• Roof tiles and TV aerials should be securely fixed in place
  • If there are trees on your property, any hanging or broken branches should be removed and taken down
  • Any corroded windows or loose fittings need to be replaced to prevent them being shaken and further damaged by the wind

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Fire damage

In April of this year, the UK set a new record for the number of wildfires it has experienced in one year. That’s more than any previous year, in the first four months alone. In the past, wildfires were a seasonal phenomenon, occurring over the summer. This winter, wildfires were recorded in Sussex, Scotland and North Wales.

A geographer at the London School of Economics, told New Scientist earlier this year.

“I would argue that those statistics suggest that we are already experiencing climate change and that it has already led to increasing wildfire risk”

– Thomas Smith

While the most common direct cause of wildfires is human ignition – either accidental or intentional – climate change has been proven to increase the risk of fires spreading. And this will only increase as temperatures climb.

Wildfires are regional, with some areas more at risk than others. Thankfully, the Met Office has produced a Fire Severity Index (FSI) map which shows how severe a fire could become were one likely to start in your area. At the time of writing, the areas showing the highest risk are the countryside around Doncaster and to the east of Peterborough.

If your property is in a FSI level 3-5 area, there are a number of steps you ought to take in order to protect yourself:

  • Create a ‘safe zone’ of at least 10 metres around your property that is as free as possible of combustible materials such as wooden fencing, wood piles and trees
  • Keep grass trimmed and watered – short green grass will not carry fire to your home
  • Make sure any fuel tanks for BBQs, lawnmowers or vehicles have at least three metres of gravel around them on all sides
  • Compost debris instead of burning them and avoid lighting any fires in high winds, high temperatures or low humidity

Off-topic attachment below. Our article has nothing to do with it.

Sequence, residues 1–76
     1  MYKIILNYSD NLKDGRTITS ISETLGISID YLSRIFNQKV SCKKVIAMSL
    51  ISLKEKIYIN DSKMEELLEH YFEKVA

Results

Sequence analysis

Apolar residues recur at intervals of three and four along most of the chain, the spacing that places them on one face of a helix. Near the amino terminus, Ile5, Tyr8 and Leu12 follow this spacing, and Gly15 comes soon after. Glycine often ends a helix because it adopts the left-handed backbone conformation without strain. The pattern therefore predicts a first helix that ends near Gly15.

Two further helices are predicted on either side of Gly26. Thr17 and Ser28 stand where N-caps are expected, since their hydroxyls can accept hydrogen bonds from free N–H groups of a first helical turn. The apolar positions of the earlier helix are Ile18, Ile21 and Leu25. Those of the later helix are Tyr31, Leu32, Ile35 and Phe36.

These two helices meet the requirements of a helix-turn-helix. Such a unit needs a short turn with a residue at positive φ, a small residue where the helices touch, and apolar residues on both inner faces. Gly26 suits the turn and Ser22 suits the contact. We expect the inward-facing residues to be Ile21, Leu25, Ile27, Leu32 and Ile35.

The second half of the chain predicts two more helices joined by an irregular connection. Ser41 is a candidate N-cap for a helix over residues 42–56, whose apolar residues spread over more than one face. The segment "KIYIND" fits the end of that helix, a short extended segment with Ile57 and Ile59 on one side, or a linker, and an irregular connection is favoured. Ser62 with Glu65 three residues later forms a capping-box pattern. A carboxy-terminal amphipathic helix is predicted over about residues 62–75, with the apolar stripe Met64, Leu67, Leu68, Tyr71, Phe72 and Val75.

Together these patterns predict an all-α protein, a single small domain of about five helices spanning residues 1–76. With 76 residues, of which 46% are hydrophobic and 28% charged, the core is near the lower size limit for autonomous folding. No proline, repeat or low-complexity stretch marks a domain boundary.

• Make sure that fire crews can easily access your property and your garden, plus make sure that they can easily read the house number from the nearest road

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Record temperatures

Towards the end of last year, The Met Office announced that human-related climate change has made UK heatwaves thirty times more likely than they would otherwise be. Earlier this year, the UK enjoyed its first ever record-breaking February heat wave, with temperatures reaching an unseasonable 21.5 degrees Celsius.

While everyone in the UK appreciates a warm summer’s day, extreme heat can pose risks for homes that weren’t built to withstand it. Subsidence – the caving in of the ground below your home – is a common issue. This is usually caused by heat drying out the area your home is built on, particularly if the surrounding earth is rich in clay. Tree roots can often exacerbate the issue, as they suck up what little moisture remains.

Fire damage from out of control BBQs or bonfires is another risk. And finally, pests such as wasps, bees and rats tend to flourish during warm spells. Once inside your home, they can do cosmetic or structural damage to brick, concrete and wood, by chewing on or boring into it.

Here are a few ways to prepare your home for extreme heat:

  • Find out if your home is built on clay-rich soil. This is as simple as digging into the earth around your house and taking a closer look. If you can squeeze it in your hand and it doesn’t crumble away and holds its shape, it’s probably rich in clay
  • Watch out for cracks in the wall that grow or change shape over time. Most cracks aren’t evidence of subsidence, but if they are wider at the top than the bottom and visible on both the inside and the outside of your house, that’s a cause for concern
  • Keep your BBQ or bonfire a safe distance from your home and make sure you have an extinguisher or water source nearby
  • Always wait for your coals to be completely cool before you dispose of them
  • Seal gaps, pipes and entrances that lead into the home